- Dragon Disciple: This PrC also gives that sweet d12 for hit dice, and you gotta love that +2 Con at level 6. But you have to take a level of sorcerer or bard to qualify. If you go this route, take the level of sorcerer, grab a toad familiar for +3 hp, and choose verbal-only spells, like Light, True Strike, and Feather Fall, that you can cast in armor. Oh, and make sure your Charisma is an 11 or 12!
Magic Items There aren't any permanent core items that give you hit points, but potions of Aid and False Life can give you a temporary boost. If you end up taking a level of cleric, a wand of Aid is a nice low-level item. At higher levels, there is a cute trick you can pull. Take the Leadership feat and grab a cleric or cleric/barbarian as your cohort. Buy a pair of Friend Rings. The cohort's job is to wear one ring and sit at home with a cure wand. With the ring active, she takes half the damage that is done to you. After she (you) is first wounded, the cohort spends her time curing. If she gets too low, she turns off the ring. Make sure she's a gnome or dwarf like you.
Armor Get yourself some admantine armor, which offers damage reduction. Any damage absorbed by the armor is damage not taken by you. And you might as well go for a high AC as well as high hit points -- that way you gain the benefit of both high AC and high hit point strategies.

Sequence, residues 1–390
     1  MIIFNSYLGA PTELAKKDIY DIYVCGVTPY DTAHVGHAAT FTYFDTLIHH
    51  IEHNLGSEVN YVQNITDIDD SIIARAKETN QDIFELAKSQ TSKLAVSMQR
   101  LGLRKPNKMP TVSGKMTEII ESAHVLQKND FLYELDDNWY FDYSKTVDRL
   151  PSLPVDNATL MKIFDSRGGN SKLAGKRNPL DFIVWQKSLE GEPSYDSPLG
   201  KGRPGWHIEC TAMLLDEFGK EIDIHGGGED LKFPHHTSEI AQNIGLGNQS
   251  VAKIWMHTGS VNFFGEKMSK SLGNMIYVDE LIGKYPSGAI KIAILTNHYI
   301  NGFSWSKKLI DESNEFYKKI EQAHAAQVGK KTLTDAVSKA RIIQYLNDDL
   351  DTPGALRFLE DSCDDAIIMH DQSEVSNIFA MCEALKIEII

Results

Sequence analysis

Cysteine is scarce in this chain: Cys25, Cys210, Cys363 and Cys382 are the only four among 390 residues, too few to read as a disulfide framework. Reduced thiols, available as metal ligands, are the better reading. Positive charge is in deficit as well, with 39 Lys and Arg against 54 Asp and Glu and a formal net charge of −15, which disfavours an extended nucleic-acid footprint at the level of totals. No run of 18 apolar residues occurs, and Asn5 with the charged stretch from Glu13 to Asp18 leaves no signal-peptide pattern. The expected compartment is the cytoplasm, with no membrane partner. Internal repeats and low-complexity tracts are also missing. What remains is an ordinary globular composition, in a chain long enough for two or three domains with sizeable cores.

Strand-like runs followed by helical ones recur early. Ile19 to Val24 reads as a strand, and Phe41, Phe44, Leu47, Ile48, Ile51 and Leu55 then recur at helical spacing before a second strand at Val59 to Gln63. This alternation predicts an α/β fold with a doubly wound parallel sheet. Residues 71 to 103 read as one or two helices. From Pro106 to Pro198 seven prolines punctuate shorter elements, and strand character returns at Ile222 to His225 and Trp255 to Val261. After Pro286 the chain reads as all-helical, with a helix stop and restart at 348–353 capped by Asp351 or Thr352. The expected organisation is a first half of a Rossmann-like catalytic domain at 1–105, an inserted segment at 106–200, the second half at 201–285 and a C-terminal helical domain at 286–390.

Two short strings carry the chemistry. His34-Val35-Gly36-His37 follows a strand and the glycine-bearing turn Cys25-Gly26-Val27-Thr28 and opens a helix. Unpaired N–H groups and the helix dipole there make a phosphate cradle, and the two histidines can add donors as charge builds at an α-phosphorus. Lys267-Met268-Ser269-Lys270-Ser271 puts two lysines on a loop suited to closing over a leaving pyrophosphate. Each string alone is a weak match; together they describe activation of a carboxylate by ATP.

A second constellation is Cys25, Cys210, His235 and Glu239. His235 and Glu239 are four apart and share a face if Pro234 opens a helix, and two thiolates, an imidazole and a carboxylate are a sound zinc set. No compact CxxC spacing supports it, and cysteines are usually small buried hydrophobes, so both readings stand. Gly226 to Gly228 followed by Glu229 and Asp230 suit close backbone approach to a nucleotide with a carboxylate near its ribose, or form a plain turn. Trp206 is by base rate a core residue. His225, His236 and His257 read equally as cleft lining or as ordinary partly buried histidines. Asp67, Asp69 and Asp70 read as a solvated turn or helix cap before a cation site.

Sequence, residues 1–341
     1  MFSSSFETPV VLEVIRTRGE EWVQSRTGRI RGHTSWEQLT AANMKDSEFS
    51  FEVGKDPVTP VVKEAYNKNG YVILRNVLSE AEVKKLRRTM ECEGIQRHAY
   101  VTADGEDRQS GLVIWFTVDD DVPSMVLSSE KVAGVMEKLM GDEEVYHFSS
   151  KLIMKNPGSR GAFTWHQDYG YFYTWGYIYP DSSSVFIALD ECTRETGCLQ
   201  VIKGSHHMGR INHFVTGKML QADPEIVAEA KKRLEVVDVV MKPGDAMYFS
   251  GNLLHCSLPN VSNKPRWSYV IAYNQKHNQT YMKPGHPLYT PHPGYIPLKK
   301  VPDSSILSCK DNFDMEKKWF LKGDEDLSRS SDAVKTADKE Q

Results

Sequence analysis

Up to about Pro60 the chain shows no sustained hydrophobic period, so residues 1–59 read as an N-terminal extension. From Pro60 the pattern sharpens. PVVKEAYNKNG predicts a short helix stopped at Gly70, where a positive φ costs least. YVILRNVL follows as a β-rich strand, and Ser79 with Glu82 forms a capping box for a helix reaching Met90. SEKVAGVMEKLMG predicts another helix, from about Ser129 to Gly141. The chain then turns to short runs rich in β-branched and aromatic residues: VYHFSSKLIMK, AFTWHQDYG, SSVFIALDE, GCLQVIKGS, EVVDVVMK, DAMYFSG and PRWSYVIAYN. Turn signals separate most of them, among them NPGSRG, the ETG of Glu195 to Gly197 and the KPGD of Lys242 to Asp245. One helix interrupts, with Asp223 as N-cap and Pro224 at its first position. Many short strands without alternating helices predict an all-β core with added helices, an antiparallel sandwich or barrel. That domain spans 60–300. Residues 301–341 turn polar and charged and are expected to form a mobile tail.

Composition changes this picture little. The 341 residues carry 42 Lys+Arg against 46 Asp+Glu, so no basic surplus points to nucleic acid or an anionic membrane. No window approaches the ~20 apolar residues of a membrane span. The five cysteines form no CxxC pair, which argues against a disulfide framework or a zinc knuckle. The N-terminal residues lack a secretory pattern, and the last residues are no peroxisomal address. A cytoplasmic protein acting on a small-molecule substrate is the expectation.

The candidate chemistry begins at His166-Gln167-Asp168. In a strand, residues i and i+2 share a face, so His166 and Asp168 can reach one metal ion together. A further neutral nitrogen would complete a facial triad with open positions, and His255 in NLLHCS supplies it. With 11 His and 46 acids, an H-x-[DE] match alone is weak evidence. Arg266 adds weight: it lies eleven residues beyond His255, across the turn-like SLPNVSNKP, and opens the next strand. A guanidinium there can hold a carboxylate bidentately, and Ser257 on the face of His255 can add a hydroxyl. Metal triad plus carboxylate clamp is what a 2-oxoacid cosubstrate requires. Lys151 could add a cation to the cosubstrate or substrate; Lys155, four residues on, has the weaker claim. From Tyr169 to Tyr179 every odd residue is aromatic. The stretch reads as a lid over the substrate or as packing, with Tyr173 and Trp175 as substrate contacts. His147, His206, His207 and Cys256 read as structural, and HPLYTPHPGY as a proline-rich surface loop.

Okay! Let's do the math. To start with, it is easy to guesstimate hit points per level usually. Average hit points per level depend on the die rolled: d4=2.5, d6=3.5, d8=4.5, d10=5.5, and d12=6.5. (Some merciful house rules let you reroll ones, which skews the average up half a point, but we'll stick to core rules here.) However, what if you do use the Luck Domain reroll on hit dice? What does that do to the average? Well, I still have nightmares about my undergrad statistics course more than two decades later, but my back-of-the-spreadsheet calculations suggest that for d10s, rerolling 5s and under will give you an average of 6.75 hp per die, and for d12s, rerolling 6s and under will give an average of 8 hp per die.
For those who might want to see that math, here is my spreadsheet. (3MB zip file)
So, let's sample at levels 5, 10, and 15.
Level five (9,000 gp): Dwarf Barbarian2/Cleric1/Fighter2 with 21 Con (16 base, +2 race, +1 at level 4, +2 amulet). Feats: Toughness x4. Gear: +2 amulet of health. Hit Points: Levels B12+C4.5+B8+F6.75x2=38; Con +25; Feats +12; Total 75.
Level ten (49,000 gp): Dwarf Barbarian2/Cleric1/Fighter2/Sorcerer1/DragonDisciple4 with 24 Con (16 base, +2 race, +2 at levels 4&8, +4 amulet). Feats: Toughness x6. Gear: +4 amulet of health. Hit Points: Levels B12+C4.5+B8+F6.75x2+S6+DD8x4=76; Con +70; Feats +18; Total 164.
Level fifteen (200,000 gp): Dwarf Barbarian2/Cleric1/Fighter2/Sorcerer1/DragonDisciple9 with 30 Con (16 base, +2 race, +3 at levels 4-12, +2DD, +6 amulet +1 tome). Feats: Toughness x8. Gear: +6 amulet of health, +1 tome of con. Hit Points: Levels B12+C4.5+B8+F6.75x2+S6+DD8x9=116; Con +150; Feats +24; Total 290.
Add in +4 Con when raging, and we're looking at 320 hp at 15th level. Not too shabby.
This is part of an extended series on Survivability in Dungeons and Dragons.